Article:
- The Washington Times - Tuesday, March 11, 2003

When the Maryland Terrapins made their first Final Four basketball appearance two years ago, they squandered a 22-point lead and lost to the hated Duke Blue Devils 95-85.
It was a crushing blow to long-suffering Maryland fans, who took out their frustrations just as other college students have in recent years: With a riot.
Students and other fans gathered along Route 1 in College Park, set bonfires, destroyed property and taunted police. All because of a loss.
A year later, the Terps returned to the Final Four. This time, they didn't disappoint. But even a 64-52 win over the scrappy Indiana Hoosiers and a national championship didn't placate Terps supporters. They rioted anyway, as did disappointed Hoosier fans hundreds of miles away.
"It's very worrisome," says Jerry M. Lewis, professor emeritus of sociology at Kent State University and an authority on sports fans' behavior. "We in academia have a problem here."
Rioting has becoming disturbingly common in America, with postgame celebrations sparking riots on college campuses and sports-crazed cities around the country. It is by no means confined to post-game celebrations, as violence has marred rock concerts, movie premieres and "peaceful" protests in recent years.
"I don't know if there's any answer to this," says Dennis Pope, managing director for football and baseball for the NCAA. "We are trying to find causes and trying to find answers, and if we had one, we'd be addressing that right now."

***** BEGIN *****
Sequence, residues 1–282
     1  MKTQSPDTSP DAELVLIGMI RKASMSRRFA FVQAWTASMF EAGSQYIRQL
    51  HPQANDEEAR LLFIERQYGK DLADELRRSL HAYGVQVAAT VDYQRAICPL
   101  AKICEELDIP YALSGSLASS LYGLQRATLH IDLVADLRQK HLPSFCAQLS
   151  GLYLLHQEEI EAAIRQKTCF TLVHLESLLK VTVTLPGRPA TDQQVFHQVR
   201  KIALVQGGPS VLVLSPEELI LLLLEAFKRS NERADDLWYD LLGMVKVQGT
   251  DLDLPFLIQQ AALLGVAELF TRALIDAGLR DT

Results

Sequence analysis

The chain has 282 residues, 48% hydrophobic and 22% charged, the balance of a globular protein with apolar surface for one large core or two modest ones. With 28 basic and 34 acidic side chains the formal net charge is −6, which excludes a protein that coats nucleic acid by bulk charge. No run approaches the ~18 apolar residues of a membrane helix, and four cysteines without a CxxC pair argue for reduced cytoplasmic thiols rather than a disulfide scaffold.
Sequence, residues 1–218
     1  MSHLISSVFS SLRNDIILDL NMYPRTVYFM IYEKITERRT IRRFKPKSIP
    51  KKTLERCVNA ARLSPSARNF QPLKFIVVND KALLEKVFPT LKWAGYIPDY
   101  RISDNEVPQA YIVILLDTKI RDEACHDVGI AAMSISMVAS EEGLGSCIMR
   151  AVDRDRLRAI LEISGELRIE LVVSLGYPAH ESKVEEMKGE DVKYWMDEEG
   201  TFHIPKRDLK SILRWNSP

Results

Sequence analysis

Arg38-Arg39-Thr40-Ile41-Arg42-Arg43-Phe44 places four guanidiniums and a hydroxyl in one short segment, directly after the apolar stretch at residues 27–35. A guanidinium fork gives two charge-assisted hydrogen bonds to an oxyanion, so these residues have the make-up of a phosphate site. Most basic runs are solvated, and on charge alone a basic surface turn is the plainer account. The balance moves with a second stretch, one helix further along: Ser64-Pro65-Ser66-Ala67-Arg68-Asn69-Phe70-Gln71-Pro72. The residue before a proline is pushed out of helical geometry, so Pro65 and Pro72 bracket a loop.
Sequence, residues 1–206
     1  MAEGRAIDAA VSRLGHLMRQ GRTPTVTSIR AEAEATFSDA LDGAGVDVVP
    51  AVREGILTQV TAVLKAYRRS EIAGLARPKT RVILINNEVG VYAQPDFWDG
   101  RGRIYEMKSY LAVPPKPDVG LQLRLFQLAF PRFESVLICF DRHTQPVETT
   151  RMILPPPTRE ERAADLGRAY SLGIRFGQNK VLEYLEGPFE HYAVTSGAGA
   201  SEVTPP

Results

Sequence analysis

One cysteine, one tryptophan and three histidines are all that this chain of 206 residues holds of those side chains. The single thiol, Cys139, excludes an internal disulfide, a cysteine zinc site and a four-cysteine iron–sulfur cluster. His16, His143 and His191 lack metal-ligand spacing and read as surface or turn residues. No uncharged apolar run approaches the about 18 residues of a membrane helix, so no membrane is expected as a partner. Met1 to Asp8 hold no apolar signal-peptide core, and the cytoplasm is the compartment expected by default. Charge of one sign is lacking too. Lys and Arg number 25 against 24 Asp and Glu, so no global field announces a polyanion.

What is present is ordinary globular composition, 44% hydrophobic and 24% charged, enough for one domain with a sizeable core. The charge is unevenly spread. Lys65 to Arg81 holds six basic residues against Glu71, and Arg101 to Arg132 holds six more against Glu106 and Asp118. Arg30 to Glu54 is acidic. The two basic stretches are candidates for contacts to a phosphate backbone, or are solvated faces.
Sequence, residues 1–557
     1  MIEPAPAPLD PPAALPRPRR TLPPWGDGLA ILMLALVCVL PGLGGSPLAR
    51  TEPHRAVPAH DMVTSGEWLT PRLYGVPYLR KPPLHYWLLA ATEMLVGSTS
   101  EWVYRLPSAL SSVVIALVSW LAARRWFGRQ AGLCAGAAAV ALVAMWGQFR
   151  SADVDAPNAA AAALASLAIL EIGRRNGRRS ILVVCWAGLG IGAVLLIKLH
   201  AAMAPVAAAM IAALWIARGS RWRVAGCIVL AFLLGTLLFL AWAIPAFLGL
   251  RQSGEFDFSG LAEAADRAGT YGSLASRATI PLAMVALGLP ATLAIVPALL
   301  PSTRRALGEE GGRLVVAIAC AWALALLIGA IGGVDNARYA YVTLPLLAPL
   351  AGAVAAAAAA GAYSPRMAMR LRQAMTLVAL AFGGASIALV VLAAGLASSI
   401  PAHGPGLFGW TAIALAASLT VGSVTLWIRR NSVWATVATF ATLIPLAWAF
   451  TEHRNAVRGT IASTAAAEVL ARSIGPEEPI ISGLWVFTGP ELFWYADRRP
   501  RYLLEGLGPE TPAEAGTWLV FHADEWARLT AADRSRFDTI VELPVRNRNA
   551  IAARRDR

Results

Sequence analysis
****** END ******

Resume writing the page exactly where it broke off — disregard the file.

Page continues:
Some universities, including the University of Maryland, have taken tough new stances against riot behavior, and the NCAA recently held a national conference on the problem.
But Mr. Lewis and others see little hope the riots will end anytime soon.
"The fundamental error is making these sports so important," Mr. Lewis says. "And that is a really tough nut to crack. I envision even the minor sports may begin to get national attention."
Mr. Lewis says he's devised a formula, of sorts, to accurately predict potential riot sites. Using five "conditions," he says, he can identify which colleges are ripe for riots.
Riots are more likely to occur, he says, on or near a campus when fans and students have access to a "natural urban gathering place"; the school or team has not won a recent championship or other important game; the game is of massive importance, especially a championship game; the game is a close one, and ends in an exciting manner; and, most importantly, that the team fans are rooting for wins.
"The key conditions, the two peak conditions, are that the team hasn't won recently and the natural urban gathering place," Mr. Lewis says. "Which, unfortunately, from a social point of view, you can't do anything about."
While he gives the NCAA credit for "finally waking up" to the rioting problem and addressing it last month at a special conference on sportsmanship and fan violence, he says there remains a feeling among some officials that the rioters are nothing more than crazy, drunk "bums."
That isn't necessarily the case. Most rioters are young, white males who are not at all crazy. They're just anti-social, Mr. Lewis says.
"People drink to give themselves the permission to do what they want to do anyway," he says.